LONDON -- We might not know whether the Olympics legacy has been economically beneficial for the country, but there is one company that is definitely suffering from its disastrous Olympics performance. That, of course, is outsourcer G4S
What many feared would be a persistent legacy for the company has come to pass. Last week the Ministry of Justice stripped G4S of its contract to run Wolds Prison, the first prison to be privatized in the U.K. And it has been excluded from a short list of contractors to run four more prisons that includes rival Serco
But that's scant consolation for Serco, as the government canceled the privatization of three prisons and announced a scaling-back of the program. As predicted, G4S's Olympics debacle has tainted the U.K. public-sector outsourcing industry and got government ministers running scared.
How bad is this for G4S investors?
It has some impact on future earnings. The Wolds Prison contract was only worth about 9 million pounds a year, but the company's exclusion from government short lists is a wider concern, and G4S will, of course, suffer along with the rest of the sector from a rowing-back of public-sector outsourcing. That's on top of the 50 million pounds the company provided for the Olympics contract.
And the reputational damage is significant. Somewhat unfortunately, G4S's CEO Nick Buckles had said only earlier in the week that the prison-outsourcing announcements would be the real test of the post-Olympics climate for the company. Though the director in charge of the Olympics business has just resigned, Buckles himself has held on to his job in the face of high-profile criticism.
One reason for that is support from investors. Under his direction, the company has grown to be the world's largest security firm. One of his most vocal supporters is Neil Woodford, who, as manager of Invesco Perpetual's high-income fund, is G4S's second-largest shareholder.
It's not all bad news. The prison announcement overshadowed a positive third-quarter trading statement. Organic revenue growth -- excluding the Olympics -- grew 5.5%, combining a 9% growth in developing markets and 4% in developed markets.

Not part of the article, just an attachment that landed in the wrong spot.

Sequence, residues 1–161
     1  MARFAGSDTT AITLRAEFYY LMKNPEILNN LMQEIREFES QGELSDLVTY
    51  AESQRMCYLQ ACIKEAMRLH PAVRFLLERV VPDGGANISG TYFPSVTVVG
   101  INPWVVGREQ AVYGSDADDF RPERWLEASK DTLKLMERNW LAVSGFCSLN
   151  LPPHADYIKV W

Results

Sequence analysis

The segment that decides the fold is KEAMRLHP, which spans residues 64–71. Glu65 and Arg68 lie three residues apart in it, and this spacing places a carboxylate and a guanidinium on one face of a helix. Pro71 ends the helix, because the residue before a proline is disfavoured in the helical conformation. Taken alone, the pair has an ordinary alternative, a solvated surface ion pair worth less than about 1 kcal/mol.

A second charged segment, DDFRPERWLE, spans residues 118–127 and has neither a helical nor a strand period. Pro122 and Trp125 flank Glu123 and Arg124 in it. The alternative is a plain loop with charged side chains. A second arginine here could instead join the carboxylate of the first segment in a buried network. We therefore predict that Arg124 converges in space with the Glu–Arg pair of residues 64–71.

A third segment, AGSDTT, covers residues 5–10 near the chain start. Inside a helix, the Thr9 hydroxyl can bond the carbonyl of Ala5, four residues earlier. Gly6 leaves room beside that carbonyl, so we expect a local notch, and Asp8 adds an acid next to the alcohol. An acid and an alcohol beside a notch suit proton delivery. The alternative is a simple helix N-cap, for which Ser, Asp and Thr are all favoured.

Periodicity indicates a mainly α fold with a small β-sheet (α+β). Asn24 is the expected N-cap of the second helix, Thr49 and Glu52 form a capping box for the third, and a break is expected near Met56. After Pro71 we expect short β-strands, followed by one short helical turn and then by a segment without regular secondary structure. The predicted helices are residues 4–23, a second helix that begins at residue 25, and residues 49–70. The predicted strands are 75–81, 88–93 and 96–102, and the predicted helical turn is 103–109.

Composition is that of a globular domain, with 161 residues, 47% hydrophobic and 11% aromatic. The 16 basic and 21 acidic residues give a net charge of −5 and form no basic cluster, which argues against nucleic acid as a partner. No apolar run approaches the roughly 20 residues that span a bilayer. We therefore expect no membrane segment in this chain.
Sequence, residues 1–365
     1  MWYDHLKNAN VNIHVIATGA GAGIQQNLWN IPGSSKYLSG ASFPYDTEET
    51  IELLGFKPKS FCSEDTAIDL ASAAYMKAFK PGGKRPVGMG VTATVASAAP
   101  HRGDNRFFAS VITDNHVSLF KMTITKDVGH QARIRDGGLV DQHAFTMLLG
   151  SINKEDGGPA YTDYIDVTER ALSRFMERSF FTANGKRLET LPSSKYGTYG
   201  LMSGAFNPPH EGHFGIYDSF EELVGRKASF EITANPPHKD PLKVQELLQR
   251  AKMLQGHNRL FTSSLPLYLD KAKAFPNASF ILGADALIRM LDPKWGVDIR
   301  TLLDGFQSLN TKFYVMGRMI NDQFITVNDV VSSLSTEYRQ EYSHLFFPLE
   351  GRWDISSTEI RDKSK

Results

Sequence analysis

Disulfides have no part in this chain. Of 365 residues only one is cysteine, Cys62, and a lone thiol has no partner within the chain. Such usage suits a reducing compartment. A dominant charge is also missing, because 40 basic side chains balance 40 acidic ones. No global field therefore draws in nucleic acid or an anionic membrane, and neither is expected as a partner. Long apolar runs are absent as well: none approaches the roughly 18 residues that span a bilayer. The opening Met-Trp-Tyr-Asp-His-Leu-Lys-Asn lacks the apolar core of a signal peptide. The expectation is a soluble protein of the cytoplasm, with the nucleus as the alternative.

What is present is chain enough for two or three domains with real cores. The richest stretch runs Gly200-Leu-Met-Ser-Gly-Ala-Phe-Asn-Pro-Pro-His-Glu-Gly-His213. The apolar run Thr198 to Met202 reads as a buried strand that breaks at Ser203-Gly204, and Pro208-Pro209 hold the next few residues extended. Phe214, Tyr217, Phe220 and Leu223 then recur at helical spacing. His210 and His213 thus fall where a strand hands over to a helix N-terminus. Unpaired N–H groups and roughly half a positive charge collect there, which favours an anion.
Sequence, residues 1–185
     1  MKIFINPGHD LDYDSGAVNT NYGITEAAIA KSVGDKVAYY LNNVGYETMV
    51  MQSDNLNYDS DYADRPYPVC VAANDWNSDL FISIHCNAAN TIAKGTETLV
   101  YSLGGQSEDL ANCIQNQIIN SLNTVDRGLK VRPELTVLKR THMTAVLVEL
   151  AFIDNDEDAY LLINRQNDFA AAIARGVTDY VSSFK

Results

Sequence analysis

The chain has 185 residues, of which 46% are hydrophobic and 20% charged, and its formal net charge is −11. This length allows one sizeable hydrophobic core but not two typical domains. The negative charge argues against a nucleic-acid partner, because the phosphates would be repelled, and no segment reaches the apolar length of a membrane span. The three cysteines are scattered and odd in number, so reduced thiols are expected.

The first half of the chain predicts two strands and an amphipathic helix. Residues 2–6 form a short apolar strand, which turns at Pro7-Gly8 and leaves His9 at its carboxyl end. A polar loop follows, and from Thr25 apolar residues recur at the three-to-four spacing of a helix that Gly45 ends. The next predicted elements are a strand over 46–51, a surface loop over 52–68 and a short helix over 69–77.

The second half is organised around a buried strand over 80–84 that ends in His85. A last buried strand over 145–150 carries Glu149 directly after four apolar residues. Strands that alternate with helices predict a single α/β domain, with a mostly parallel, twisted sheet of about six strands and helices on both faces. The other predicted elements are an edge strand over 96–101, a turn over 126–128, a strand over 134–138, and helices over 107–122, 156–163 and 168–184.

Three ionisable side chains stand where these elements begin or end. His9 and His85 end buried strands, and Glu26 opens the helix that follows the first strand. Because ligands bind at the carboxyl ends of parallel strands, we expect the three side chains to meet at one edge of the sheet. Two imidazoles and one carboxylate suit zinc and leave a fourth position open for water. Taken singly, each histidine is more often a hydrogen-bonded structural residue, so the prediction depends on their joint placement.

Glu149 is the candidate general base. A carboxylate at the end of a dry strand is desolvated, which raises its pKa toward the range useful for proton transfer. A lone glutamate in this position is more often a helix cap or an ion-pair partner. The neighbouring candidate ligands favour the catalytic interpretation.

That developing-markets figure is important. Not only is it growing faster, but margins are much higher. At the half-year, developing markets contributed 30% of turnover but 40% of cash profits. The diversity of G4S's business, by market and by geography, gives it resilience and growth potential.
After falling back on the latest news, the shares are cheap. A 3% fall has taken them not far above the bottom they hit after the Olympic story broke. In fact, you can now pick up G4S's shares at the same price they were trading at in October 2009, while markets were still shell-shocked by the financial crisis. The FTSE 100 has risen nearly 10% in that time.
G4S's shares are on a prospective P/E, based on analysts' estimates of 2013 earnings, of just more than 11. That's well below its historic trading range and much cheaper than sector peers Serco, at 13.5, and Capita, at 14. That might be justified if G4S's recent contract loss is the start of a trend, but shareholders will be hoping that after some visible bloodletting, ministers will now judge G4S on its merits.
G4S can ill afford to lose one of the few bidders capable of taking on major public-sector contracts. Despite the recent tilt away from outsourcing, it's still a massive business.
A secure sector
That's one reason why G4S's No. 2 shareholder, Neil Woodford, is so positive on the sector that he holds all three companies, G4S, Serco and Capita, in his index-beating portfolio. He avoided techs in the dot-com bubble and banks in the credit boom, so he knows something about sectors to steer clear of, as well as those to invest in. You can find out more about where the U.K.'s leading stock-picker is investing in this Motley Fool report: "8 Shares Held by Britain's Super Investor." It's free, and you can download it here without any obligation.
Ironically, Capita could be the biggest loser if U.K. ministers lose their nerve over outsourcing. It has just issued a confident trading statement but is relatively more dependent on U.K. public-sector contracts. Serco, which is relatively skewed to U.K. and Europe but has a broader business mix, might be the beneficiary if G4S continues to be treated as the black sheep of the sector.